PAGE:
Beyond Westworld Episode 3 “The Stray” Live Blog


Everyone is hiding secrets and plotting something, a reassuring sign given that the show’s creators are trying to turn a movie with a simple premise (robots rebel against humans, humans must escape with their lives) into an intricately-layered show.

But just like any other multiplayer game, from World of Warcraft to Overwatch, Westworld also harbors all the types of jerks you hate playing with. It does, however, occasionally spark to life when the staff interrogate the Hosts. For the third week in a row, HBO’s Westworld opens on Dolores. In fact, they’re only catering to guests such as Logan (Ben Barnes) or the Man in Black (Ed Helms) who gladly pay for murder, rape, torture, and bisexual orgies without consequences.

Westworld made its television debut at 9pm on Tuesday 4 October, where 458,000 people tuned in to experience the show as it happened.

Bernard went to Dr. Ford to voice his continued concern that they hadn’t actually fixed the cause of the glitch displayed by Peter Abernathy and other hosts in the series premiere, but rather just the symptoms. By showing us the world through the eyes of the very robots we’ve come to admire, we see the true nightmare of their situation, which makes it all the more unsettling when they start to wake up from that nightmare.

Bernard sees Dolores as a child nearly.

Of course, part of Bernard’s choice is driven by his own grief. He chooses the same for Dolores: the pain of consciousness. Something to think about, Bernard.

Weapons: We learn, from both Dolores’s reluctance during target practice and Elsie’s helpful exposition about the axe, that some androids in the park are not authorized to handle weapons.

One roadblock to the theory is that Arnold passed away long ago while inside the park. Where Ford realizes that there needs to be an on/off switch on the hosts, Arnold wanted to give them conciseness, which historically is a bad thing. They thought they were hearing the voice of God, not their own inner monologue. (He, after all, is the man who wrote the short story that served as the inspiration for the time-scrambled Memento.) But it doesn’t seem to fit with the events of “The Stray”, particularly the end of the episode, where Evan Rachel Wood’s Dolores returns to her family farm as it comes under attack from a group of bandits. The man in black (Harris), appears to be someone who has never left, or at least keeps coming back to Westworld to play out his fantasies. After all, the guests and the staff of the theme park are the ones with actual, honest-to-god (or honest-to-Darwin) consciousness. When we first met him, he was trading memories with one of Westworld’s oldest models, in what seemed like sentimental streak for his creations. Could The Gunslinger not exist in corporeal form in the way we’ve assumed so far? Dolores is consistently treated as an object, as all the hosts are, to fulfill the guests desires.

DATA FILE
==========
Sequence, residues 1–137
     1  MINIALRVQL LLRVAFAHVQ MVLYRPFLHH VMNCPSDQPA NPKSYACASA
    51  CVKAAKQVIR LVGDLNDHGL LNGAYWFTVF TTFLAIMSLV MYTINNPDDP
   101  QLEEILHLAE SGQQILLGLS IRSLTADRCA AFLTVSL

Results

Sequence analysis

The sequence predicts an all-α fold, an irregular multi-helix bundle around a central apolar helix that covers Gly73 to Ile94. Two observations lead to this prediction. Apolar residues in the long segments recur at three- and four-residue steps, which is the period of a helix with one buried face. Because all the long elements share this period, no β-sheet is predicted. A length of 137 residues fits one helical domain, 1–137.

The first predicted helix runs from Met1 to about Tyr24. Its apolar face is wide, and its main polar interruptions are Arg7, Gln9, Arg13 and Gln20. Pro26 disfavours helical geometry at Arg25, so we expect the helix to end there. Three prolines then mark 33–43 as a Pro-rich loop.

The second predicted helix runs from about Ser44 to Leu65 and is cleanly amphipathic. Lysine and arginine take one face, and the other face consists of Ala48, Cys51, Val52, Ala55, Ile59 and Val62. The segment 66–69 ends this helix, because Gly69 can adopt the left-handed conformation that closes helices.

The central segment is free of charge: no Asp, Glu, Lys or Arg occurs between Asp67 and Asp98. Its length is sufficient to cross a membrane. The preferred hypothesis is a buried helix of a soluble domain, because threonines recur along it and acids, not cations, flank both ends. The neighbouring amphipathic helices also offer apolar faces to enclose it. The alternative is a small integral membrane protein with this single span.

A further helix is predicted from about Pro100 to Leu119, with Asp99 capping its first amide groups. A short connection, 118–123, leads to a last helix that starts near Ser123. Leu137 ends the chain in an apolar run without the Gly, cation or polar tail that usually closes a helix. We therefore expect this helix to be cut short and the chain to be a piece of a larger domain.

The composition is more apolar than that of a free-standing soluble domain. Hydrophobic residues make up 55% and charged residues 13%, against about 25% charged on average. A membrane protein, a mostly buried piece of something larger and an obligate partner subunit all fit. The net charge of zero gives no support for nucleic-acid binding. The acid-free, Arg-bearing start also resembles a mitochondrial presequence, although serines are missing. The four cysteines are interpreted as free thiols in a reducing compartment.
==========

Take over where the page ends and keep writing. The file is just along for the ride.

Back in the park, Dolores uses that self-awareness to overcome her preprogrammed aversion to killing. Then, at night, they go to bed and forget everything, to start all over again. To have her try to choose a path. Westworld is about, at least partially, choosing paths. But is she the damsel-in-distress?

She physically can not pull the trigger, even though she wants to. When Westworld’s resident writer pitches a new storyline, he’s talking about creating an expansion pack. What will Dolores do next? Now, we know that it was so the showrunners could plan out the “next five or six years”.

Last week, Bernard’s team assured the Westworld administration that all the corrupted hosts had been found and fixed.

Snarky tech Elsie (Shannon Woodward) got to leave the lab this week. heading up to the surface with Luke Hemsworth’s Stubbs to track down a stray.

And why did The Woodcutter kill himself? Dolores convinces him of that. Or is Wyatt Ford’s narrative punishment for any Host that he catches glitching/evolving?

Further down we have the “Arrivals Monorail Terminal”, where we watched as William and Logan arrived in the second episode. In essence, she’s telling us how the park is supposed to work - the better for us to understand just how intensely it’s going off the rails. And while the history of his dead son and his (ex?-) wife (played by Gina Torres) on a futuristic Skype call might negate that theory for some, I’m not sure it’s enough.

I wish William and Logan were written with more nuance. What do you think of this theory?

Bernard said “on this planet” so Westworld isn’t on Mars.

Is Arnold Arnold’s first name or last name?

Even beyond the character interactions, the artful direction and strong writing, the most intriguing element to Westworld continues to be it’s approach to the meaning of narrative as enmeshed with reality. The guest has a celebratory roll with Clementine, and Maeve has a unusual memory of Teddy sitting in a clean room, waiting to get hosed off and sanitized. But, really, are they all robots?

Nevertheless, in recent years the robots and AI are “just tools” line of argument has begun to frustrate me. Have you guys known this all along?